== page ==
TandemHearts

Mountain Biking Hood River

August 16th, 2014

This year’s mountain biking trip was a Western Spirit trip to the Lewis River (WA) area, with a few days spent in Hood River Oregon before the trip started.  This was by far the most challenging biking trip we’ve ever done. The trails in both areas are generally tree lined narrow single-track, unlike anything we ride on a regular basis. Single track requires a degree of mental concentration that is draining.  Throw in some good sized climbs and we were at our limit.  Since this is acknowledged to be an intermediate-advanced trip, everyone on the trip was fit and experienced.  We had trouble keeping up and had a great time.

Hood River, OR has a great trail system. They also have an area of relatively tame man-made obstacles to ride on. We’ve never ridden anything like that before so it was a challenge for us. These were mostly low to the ground, narrow board walks and small jumps. We crashed a few times, had some fun and decided that sort of thing is best left to other riders.

We took a side trip to the Ape Cave Lava tube. This 2.5 mile tube is one of the longest in the US and provides a generally easy hike through this volcanic remnant. There were a couple of sections that involved a genuine scramble, but it was oddly fun for just a long, dark tube.

 

  • Practice on the skinnies.
    Practice on the skinnies.


  • Lewis River, WA
    Lewis River, WA
  • Ape Cave Lava Tube. 2.5 miles long.
    Ape Cave Lava Tube. 2.5 miles long.
  • Siouxan Creek Trail, WA
    Siouxan Creek Trail, WA
  • Siouxan Creek Trail, WA
    Siouxan Creek Trail, WA
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Be Careful What You Wish For – Telluride to Moab

July 6th, 2012

Both of us came away from our White Rim Tour in April thinking,  “What a great experience!”, but that we could do with a little more challenge.  Hmmm….

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White Rim Trail 2012

April 14th, 2012

The White Rim Trail has been on our To Do Ride list for years and we aren’t quite sure why it took so long to get to it. This route is well suited to a guided camping trip because the logistics of self- supported would be a bit of work. We took a 4 day/3 night trip with Western Spirit and had a great time. Spring can mean dicey weather in Moab, but we timed the weather perfectly. It was cold the second morning, in the mid- 30s, but otherwise the nights were pleasant and the days were in the low 80s. The WRT loops around the Grand Overlook in Canyonlands National Park, starting at 5000’, dropping to the river at 4000’ on the first day and then climbing back to generally 4500-5000 for the rest of the trip, until the last climb: up 1400’ in about 3 miles. The WRT is a jeep trail, about 80 miles long. It isn’t very technical, although there are short sections of sand, and some very steep pitches. None of the days really tired us out, but we each had to walk at least some portion of the trail, usually because of deep sand or long very steep sections.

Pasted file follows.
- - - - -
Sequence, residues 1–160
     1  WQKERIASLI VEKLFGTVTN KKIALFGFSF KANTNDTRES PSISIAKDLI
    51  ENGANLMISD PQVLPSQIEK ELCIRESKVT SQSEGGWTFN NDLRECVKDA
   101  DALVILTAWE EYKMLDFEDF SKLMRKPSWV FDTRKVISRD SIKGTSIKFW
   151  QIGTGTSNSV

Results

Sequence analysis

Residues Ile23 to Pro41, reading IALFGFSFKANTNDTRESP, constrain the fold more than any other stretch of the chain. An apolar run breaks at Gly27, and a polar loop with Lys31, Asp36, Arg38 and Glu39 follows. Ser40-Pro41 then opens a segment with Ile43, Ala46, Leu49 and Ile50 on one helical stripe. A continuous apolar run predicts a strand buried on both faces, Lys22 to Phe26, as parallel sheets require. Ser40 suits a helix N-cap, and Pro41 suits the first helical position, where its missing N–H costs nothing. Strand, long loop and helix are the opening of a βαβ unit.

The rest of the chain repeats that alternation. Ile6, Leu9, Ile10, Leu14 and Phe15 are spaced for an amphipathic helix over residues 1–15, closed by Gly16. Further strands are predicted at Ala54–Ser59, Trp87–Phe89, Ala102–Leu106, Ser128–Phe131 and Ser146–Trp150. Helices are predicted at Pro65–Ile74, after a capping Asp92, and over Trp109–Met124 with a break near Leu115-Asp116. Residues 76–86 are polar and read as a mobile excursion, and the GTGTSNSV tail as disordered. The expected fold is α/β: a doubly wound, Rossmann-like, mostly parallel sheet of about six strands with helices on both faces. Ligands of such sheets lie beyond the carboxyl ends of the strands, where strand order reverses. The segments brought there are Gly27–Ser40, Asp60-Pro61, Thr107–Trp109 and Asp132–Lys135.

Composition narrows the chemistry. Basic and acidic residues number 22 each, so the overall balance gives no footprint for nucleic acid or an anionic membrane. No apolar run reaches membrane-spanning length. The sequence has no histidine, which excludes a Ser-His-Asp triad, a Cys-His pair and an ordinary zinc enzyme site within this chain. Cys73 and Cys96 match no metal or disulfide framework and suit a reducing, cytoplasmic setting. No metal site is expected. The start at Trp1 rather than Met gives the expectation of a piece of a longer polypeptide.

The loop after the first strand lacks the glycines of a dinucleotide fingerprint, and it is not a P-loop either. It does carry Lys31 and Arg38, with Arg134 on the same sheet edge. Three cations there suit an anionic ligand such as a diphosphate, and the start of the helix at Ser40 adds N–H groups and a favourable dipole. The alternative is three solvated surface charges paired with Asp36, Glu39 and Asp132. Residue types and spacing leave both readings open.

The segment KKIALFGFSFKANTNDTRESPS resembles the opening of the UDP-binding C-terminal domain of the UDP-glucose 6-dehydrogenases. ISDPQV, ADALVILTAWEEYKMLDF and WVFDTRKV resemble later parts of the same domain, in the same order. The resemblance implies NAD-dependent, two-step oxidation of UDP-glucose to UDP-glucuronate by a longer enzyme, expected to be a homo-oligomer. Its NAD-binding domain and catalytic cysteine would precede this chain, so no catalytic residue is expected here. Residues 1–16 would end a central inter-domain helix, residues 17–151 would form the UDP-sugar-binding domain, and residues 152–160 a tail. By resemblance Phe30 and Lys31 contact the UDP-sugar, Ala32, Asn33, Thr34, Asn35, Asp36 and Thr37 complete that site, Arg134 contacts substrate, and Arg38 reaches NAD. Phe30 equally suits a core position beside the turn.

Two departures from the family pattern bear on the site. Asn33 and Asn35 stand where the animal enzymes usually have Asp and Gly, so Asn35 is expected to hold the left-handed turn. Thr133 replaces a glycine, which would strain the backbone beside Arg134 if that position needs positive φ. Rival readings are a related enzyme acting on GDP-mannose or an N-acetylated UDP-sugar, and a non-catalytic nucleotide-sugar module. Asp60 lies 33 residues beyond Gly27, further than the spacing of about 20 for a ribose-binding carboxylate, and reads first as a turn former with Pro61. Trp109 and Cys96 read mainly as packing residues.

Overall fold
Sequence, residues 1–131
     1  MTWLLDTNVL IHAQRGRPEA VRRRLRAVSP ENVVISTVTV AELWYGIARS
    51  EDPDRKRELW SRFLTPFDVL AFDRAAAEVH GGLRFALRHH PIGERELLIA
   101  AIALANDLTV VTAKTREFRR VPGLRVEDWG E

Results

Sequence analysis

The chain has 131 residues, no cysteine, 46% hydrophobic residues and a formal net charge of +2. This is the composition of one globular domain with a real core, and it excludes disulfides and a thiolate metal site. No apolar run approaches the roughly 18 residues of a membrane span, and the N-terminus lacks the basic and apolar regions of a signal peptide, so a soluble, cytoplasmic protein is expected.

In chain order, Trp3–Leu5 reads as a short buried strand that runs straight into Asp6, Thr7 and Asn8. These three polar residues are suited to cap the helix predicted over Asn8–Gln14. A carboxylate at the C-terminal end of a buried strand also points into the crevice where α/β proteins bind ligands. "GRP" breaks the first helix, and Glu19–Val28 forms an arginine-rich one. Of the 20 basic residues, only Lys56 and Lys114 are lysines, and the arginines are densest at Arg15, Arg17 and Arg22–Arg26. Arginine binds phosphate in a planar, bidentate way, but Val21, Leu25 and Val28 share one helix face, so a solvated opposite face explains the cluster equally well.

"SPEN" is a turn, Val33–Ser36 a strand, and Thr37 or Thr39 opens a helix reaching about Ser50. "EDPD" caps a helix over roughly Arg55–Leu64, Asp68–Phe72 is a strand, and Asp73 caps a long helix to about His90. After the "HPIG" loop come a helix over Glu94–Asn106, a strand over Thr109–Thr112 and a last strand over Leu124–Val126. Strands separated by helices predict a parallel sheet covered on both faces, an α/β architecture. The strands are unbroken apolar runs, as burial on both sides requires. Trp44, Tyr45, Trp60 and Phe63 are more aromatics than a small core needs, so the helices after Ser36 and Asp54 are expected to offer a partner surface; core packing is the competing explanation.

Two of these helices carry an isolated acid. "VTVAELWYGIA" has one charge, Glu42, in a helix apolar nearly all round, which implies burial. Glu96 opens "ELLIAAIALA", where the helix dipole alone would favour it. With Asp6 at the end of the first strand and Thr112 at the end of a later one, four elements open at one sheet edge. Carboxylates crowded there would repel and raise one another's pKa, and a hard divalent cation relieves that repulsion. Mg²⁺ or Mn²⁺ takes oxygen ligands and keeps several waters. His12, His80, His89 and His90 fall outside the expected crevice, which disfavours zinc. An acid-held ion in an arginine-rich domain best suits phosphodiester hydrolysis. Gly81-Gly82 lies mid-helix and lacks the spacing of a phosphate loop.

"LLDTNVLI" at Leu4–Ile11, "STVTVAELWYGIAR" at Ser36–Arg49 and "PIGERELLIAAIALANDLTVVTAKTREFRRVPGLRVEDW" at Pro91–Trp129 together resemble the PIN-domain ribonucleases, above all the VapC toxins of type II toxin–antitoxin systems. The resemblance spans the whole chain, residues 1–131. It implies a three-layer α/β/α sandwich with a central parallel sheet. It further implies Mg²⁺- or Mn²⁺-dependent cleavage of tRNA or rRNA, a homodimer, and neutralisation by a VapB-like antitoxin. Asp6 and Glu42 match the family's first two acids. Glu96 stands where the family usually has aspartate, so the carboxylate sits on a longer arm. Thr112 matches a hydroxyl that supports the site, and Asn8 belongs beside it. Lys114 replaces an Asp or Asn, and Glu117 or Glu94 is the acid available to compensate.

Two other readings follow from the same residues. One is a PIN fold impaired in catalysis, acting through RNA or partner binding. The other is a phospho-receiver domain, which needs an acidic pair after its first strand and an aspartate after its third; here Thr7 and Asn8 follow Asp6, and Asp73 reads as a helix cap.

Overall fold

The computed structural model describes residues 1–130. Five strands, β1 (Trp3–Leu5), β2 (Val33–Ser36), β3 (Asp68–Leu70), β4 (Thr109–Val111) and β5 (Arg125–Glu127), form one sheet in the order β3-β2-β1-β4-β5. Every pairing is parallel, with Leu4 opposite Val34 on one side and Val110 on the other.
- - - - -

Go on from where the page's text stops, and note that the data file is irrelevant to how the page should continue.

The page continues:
We were doing this as a minimally planned trip, so we rented camping gear and bikes from WS. All we had to do was show up and ride. We flew from SFO to Denver, where the plane to Moab’s tiny airport (2 flights a day) was 90 minutes late. This would not have been a big problem, except that Canyonlands Airport is 20 miles from town and there are not a lot of taxis at 8:30 at night. We got lucky and the taxi company we were able to reach picked us up in about 40 minutes. That’s when we realized that getting back to the airport for the 7AM flight home might be a challenge. Since there was nothing we could do about that on the trail (no cell coverage) we decided not to worry about it and enjoy the ride.

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Grand Canyon 2010

June 17th, 2010

  • This is only a mediocre view by Grand Canyon standards.
The Grand Canyon.   The name says it all.  There may be no more iconic natural wonder.  Google says that there is a  “Grand Canyon of..”  Yellowstone, Yosemite, Texas, and even Pennsylvania.  While these are fine gorges, I’m sure; there really can be Only One.  For years we have talked about going there to ride mountain bikes.  The National Park Service generally has a “no bikes on trails” rule.  The Forest Service (FS) does not and some of the land north of the Canyon is FS land.  So while you can’t ride in the Canyon (which is NPS land), you can ride the North Rim of the Grand Canyon, which is FS land.  The Rainbow Rim Trail (RRT) was created especially for mountain bikers and it is spectacular. (more…)

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What Goes Up, Must Come Down.

February 18th, 2008

The last photo gallery of the Ridge Trail was all about the climb. The nice thing about climbing is that there is usually a descent to follow. Today, we embrace gravity and show a little bit of the descent.

  • Just a little reminder about how this looks from the bottom.

Just a little reminder about how this looks from the bottom. (more…)

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